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Thursday, 18 February 2010

Travel technology: when yes sometimes means no

In the business travel sector, it's sometimes hard to take in everything that happens in the second week of February. This is when the Business Travel (not forgetting the new "and Meetings" bit) Show takes over London's Earls Court 2 exhibition centre.

It's hard because nearly everyone decides that this is the best time to launch new products and services because it is one of the only times that travel buyers, suppliers and media covering the sector are all together in one place. We often hear about senior company executives and members of the Royal Family flying separately to avoid a business or constitutional crisis. Goodness knows what would happen to the business travel industry should some disaster ever occur at Earl's Court that week.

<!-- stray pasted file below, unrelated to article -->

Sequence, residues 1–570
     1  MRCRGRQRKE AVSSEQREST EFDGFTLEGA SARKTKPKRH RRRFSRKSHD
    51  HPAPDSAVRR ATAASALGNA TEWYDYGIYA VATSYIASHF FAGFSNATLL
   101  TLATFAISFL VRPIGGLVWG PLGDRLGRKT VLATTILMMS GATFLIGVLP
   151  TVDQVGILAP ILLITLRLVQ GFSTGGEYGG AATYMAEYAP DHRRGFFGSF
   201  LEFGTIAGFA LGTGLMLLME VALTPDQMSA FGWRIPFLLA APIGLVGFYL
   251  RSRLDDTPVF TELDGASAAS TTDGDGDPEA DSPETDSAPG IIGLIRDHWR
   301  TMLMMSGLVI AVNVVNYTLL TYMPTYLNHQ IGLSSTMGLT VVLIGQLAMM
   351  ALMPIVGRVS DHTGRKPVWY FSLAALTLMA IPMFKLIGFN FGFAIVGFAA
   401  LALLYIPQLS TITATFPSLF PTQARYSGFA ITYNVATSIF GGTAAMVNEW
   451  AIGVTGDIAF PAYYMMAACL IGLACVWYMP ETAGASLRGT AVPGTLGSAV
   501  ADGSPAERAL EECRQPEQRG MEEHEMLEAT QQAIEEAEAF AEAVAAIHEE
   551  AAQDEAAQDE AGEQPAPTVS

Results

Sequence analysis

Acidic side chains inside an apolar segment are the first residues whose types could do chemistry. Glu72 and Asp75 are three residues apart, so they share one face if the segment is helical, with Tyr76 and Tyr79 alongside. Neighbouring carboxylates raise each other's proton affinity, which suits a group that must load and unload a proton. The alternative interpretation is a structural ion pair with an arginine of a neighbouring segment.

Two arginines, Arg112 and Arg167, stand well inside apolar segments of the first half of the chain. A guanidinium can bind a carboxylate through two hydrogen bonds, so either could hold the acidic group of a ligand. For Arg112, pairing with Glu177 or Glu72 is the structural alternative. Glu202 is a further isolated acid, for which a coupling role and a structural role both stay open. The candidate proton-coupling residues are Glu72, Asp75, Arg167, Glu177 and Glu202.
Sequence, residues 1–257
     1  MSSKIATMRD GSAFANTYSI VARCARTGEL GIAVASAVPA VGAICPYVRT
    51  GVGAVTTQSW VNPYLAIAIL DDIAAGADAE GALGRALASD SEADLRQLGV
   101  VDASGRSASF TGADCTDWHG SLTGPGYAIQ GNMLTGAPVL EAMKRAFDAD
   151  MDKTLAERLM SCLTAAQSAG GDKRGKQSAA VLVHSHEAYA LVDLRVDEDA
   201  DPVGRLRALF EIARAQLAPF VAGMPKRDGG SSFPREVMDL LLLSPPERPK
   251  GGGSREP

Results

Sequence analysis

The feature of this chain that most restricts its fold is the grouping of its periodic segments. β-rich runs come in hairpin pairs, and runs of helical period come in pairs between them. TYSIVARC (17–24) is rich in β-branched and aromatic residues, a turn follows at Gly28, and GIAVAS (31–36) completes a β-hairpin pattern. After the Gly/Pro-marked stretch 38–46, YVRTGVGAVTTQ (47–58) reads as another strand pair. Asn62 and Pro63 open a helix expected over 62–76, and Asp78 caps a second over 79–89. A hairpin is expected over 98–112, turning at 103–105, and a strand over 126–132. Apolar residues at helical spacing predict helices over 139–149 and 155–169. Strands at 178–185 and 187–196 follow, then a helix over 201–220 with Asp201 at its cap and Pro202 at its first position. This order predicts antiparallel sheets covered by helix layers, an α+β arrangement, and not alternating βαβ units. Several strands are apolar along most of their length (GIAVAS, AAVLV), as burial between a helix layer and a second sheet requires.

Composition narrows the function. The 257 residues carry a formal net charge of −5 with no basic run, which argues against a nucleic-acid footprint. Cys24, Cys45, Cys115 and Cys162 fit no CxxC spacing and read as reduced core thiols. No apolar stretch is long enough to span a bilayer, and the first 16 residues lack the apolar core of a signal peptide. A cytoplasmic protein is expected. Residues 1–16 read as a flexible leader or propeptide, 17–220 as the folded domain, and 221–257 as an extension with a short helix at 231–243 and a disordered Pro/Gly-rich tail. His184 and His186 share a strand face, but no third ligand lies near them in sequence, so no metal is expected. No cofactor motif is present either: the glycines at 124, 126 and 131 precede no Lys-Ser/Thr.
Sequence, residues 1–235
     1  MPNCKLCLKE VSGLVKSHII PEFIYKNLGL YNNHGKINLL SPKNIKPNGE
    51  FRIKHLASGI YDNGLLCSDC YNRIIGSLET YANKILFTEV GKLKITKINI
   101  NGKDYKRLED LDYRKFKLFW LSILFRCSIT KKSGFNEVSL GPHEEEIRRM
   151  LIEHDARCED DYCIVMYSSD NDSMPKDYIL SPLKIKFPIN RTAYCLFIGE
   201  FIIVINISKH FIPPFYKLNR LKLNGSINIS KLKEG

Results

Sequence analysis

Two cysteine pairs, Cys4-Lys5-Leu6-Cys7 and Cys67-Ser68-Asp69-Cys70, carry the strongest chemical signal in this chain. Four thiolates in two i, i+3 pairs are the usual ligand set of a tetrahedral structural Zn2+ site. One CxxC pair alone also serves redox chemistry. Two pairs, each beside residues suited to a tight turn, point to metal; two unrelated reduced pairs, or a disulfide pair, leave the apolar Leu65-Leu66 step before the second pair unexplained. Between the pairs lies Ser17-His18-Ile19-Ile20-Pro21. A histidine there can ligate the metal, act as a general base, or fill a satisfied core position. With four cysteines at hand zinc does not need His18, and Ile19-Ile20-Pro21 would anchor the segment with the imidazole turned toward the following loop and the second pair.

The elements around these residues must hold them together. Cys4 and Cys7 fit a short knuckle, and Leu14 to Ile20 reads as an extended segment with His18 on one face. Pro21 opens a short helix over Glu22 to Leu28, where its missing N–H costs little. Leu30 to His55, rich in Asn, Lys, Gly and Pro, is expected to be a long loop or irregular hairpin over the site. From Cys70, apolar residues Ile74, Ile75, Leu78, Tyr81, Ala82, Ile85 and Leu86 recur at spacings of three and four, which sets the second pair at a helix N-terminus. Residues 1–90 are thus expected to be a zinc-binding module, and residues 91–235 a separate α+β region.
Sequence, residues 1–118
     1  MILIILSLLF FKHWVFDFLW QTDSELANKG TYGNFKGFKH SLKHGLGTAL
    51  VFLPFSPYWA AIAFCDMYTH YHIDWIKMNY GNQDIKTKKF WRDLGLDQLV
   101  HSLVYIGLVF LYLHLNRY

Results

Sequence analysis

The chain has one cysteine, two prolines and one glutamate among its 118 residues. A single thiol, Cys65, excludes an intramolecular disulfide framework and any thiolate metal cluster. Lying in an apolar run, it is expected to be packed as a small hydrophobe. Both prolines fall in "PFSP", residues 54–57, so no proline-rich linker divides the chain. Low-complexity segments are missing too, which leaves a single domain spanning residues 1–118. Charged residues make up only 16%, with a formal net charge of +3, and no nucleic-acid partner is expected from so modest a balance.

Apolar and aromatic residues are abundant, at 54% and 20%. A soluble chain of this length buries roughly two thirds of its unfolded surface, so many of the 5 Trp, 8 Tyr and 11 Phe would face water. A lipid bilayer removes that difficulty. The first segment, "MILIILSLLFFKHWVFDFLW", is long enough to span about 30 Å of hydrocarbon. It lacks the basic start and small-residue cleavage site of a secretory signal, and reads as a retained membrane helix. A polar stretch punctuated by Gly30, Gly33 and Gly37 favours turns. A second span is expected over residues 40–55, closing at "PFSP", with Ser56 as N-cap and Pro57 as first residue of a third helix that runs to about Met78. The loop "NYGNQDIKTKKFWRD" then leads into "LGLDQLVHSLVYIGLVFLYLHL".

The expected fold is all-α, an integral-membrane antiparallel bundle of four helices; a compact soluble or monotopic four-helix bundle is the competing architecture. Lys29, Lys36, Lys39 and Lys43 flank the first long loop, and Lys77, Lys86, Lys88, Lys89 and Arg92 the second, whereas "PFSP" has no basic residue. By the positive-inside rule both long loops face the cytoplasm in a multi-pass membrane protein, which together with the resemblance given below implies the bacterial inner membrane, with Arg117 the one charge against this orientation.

But enough of the digressions. The point is that there is an awful lot of new travel technology unveiled at the show, some of it better than others.

It is buyer beware, however. Anyone who has ever dealt with technology suppliers will know that they often over-promise and under-deliver. When asked whether a new technology has a particular function, the given answer is usually "Yes, of course" when the real answer is "Oops, we forgot about that".

The point is that although it is easy to get caught up in jargon, it is more important than ever to check that the technology you are offered really does what it says on the tin.

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